Popular Woodworking 2001-02 № 120, страница 15

Popular Woodworking 2001-02 № 120, страница 15

Tricks of the Trade

continued from page 23

Planely Speaking

So many times woodworkers will properly sharpen plane blades, hone them to perfection and still be dissatisfied with the cut. To make planes perform better, make sure the throat (the gap between

the cutting edge of the blade and the rear edge of the throat plate) is set properly. The throat on low-angle block planes is easy to set because the throat plate is adjustable. First sharpen the blade and hone it. Then set the blade so it just barely comes through the sole of the plane. The cutting edge should be one- to two-thousandths of an inch below the sole. Lastly, loosen and move the throat plate to close the gap between the cutting edge and the rear edge of the throat plate to about V32".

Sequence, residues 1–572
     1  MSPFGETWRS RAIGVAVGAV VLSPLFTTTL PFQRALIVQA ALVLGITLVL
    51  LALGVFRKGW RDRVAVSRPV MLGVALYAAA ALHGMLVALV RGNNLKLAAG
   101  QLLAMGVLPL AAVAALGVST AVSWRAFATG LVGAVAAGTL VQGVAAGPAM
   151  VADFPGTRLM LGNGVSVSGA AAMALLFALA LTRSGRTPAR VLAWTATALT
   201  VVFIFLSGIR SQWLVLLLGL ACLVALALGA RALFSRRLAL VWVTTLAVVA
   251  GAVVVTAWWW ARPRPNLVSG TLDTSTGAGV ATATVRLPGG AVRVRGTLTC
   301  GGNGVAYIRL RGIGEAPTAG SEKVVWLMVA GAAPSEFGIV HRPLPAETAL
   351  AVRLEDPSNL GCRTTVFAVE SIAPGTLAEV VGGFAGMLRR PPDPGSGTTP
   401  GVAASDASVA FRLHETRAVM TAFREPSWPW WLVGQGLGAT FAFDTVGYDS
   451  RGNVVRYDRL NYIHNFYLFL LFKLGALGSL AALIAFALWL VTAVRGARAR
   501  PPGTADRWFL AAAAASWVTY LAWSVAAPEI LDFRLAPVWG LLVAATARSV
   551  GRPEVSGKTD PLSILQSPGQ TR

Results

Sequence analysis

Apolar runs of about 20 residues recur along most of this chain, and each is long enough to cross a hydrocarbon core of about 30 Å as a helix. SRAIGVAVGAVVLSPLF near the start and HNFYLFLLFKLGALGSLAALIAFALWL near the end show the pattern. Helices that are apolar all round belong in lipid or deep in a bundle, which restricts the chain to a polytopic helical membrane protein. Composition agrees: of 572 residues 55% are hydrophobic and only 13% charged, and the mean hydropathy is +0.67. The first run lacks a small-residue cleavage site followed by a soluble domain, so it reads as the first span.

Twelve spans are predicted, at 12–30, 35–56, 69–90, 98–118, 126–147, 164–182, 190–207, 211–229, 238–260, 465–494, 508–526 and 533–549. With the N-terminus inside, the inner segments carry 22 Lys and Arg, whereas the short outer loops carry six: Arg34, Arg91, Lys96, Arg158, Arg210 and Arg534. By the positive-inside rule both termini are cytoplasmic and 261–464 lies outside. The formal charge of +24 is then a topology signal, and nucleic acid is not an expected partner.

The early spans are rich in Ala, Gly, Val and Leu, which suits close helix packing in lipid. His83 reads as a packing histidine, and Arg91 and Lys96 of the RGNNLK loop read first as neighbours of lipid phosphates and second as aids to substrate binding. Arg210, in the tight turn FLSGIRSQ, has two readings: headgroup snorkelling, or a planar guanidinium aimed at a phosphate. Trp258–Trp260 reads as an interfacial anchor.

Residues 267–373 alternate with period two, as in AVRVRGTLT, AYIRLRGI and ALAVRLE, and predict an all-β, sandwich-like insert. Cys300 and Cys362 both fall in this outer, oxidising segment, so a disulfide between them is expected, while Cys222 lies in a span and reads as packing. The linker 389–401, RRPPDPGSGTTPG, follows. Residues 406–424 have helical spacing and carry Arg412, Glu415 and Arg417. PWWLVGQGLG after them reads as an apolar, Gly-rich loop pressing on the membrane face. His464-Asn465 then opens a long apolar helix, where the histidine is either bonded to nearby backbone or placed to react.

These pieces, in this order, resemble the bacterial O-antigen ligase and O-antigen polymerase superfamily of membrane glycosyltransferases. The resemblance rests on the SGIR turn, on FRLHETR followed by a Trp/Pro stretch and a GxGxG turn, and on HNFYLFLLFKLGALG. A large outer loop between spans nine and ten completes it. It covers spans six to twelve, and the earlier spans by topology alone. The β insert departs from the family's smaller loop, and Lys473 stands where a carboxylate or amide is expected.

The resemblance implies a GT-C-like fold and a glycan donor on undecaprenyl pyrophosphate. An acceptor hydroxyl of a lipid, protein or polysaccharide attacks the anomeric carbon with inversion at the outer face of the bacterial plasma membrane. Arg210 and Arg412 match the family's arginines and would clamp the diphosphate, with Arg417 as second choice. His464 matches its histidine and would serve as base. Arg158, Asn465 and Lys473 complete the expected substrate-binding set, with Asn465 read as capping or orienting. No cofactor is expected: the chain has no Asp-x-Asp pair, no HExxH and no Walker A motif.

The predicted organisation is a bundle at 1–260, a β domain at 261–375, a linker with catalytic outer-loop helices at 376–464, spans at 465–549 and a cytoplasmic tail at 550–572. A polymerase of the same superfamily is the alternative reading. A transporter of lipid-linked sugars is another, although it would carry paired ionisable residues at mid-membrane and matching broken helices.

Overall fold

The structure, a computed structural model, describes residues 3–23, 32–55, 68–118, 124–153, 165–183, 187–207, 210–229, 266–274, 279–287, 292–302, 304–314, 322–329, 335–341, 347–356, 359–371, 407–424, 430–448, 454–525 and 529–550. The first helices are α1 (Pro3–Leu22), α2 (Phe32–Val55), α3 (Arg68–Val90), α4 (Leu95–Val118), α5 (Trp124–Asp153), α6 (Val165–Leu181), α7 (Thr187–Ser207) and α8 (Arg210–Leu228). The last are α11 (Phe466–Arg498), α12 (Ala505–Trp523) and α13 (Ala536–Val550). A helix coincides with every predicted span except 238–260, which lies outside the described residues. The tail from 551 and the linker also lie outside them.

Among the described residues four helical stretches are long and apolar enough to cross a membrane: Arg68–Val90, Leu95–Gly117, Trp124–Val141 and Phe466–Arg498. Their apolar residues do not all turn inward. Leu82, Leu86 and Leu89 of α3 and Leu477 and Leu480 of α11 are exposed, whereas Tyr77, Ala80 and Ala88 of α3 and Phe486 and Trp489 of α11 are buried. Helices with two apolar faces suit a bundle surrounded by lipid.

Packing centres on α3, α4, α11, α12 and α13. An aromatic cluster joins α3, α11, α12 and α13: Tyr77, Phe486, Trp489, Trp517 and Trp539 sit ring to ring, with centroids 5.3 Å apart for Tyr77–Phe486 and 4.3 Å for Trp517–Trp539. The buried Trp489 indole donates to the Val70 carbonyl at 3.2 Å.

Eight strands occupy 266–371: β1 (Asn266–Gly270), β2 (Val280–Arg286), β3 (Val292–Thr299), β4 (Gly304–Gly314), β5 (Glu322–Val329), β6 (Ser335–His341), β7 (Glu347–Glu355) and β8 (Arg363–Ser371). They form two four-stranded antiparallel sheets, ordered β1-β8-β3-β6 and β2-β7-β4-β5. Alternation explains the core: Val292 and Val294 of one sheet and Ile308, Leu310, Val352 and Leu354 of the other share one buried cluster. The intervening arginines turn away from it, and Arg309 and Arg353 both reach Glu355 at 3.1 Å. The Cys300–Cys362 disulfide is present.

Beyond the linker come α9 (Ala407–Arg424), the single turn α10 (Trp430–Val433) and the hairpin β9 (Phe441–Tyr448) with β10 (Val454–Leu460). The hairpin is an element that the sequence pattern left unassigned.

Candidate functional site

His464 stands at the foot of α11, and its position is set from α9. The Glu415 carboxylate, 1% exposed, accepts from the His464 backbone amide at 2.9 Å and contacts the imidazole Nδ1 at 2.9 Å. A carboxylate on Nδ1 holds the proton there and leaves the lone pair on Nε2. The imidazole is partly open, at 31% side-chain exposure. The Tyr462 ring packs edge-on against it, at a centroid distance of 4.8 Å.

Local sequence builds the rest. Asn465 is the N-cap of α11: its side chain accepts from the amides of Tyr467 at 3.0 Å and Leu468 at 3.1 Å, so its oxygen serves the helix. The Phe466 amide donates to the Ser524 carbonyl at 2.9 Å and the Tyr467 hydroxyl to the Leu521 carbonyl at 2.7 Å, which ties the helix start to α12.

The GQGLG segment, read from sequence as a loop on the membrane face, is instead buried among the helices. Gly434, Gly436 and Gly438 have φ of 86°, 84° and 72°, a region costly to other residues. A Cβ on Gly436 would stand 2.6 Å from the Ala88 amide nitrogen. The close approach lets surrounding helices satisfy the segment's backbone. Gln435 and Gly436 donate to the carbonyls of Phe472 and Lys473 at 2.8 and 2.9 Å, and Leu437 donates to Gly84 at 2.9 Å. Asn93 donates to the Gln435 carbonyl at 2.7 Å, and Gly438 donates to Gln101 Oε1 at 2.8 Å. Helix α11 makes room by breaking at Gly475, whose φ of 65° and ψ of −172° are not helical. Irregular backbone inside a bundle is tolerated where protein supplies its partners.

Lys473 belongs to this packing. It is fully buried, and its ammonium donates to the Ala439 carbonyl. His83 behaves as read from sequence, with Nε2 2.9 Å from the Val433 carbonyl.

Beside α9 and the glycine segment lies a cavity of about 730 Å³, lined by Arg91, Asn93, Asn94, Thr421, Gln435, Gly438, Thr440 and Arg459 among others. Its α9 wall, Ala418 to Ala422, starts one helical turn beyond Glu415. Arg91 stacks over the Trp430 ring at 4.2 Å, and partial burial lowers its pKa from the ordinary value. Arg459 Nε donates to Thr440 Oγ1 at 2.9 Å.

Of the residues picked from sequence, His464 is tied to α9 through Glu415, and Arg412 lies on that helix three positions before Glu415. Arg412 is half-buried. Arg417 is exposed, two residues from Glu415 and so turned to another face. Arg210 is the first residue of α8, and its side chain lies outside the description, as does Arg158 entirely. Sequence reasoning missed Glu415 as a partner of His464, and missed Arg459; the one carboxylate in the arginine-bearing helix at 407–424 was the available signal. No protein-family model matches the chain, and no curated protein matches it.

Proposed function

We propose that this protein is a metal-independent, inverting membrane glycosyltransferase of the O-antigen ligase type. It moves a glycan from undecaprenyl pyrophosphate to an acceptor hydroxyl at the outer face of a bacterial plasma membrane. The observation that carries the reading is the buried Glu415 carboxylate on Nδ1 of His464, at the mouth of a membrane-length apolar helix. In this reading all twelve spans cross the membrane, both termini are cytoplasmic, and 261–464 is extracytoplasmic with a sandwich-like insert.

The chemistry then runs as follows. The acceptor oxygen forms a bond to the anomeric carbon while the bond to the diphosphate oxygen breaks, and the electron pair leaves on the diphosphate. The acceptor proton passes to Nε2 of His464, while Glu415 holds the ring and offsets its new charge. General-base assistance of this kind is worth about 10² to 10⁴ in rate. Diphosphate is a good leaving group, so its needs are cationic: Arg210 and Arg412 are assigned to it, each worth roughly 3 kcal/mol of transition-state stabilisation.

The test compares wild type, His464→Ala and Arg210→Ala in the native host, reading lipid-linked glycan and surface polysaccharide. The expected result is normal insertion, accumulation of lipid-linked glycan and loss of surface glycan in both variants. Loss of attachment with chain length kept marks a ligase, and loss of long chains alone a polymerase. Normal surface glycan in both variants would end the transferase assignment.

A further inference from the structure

Make a few practice cuts on the edge of a board. If the plane grabs, retract the blade just a hair. If you get a partial shaving, adjust the cutting edge so it is parallel to the mouth of the plane. Experiment by using the plane on diff erent species of wood. You'll be surprised how different densities of wood require opening and closing the mouth to get the best cutting results. Two other suggestions are to try skewing the body of the :==f plane slightly to better shear the wood f ibers. Also, cradle the body of the plane with your hands for a more stable cut.

continued on page 26

powermatic

Circle #101 on Resource Directory Coupon

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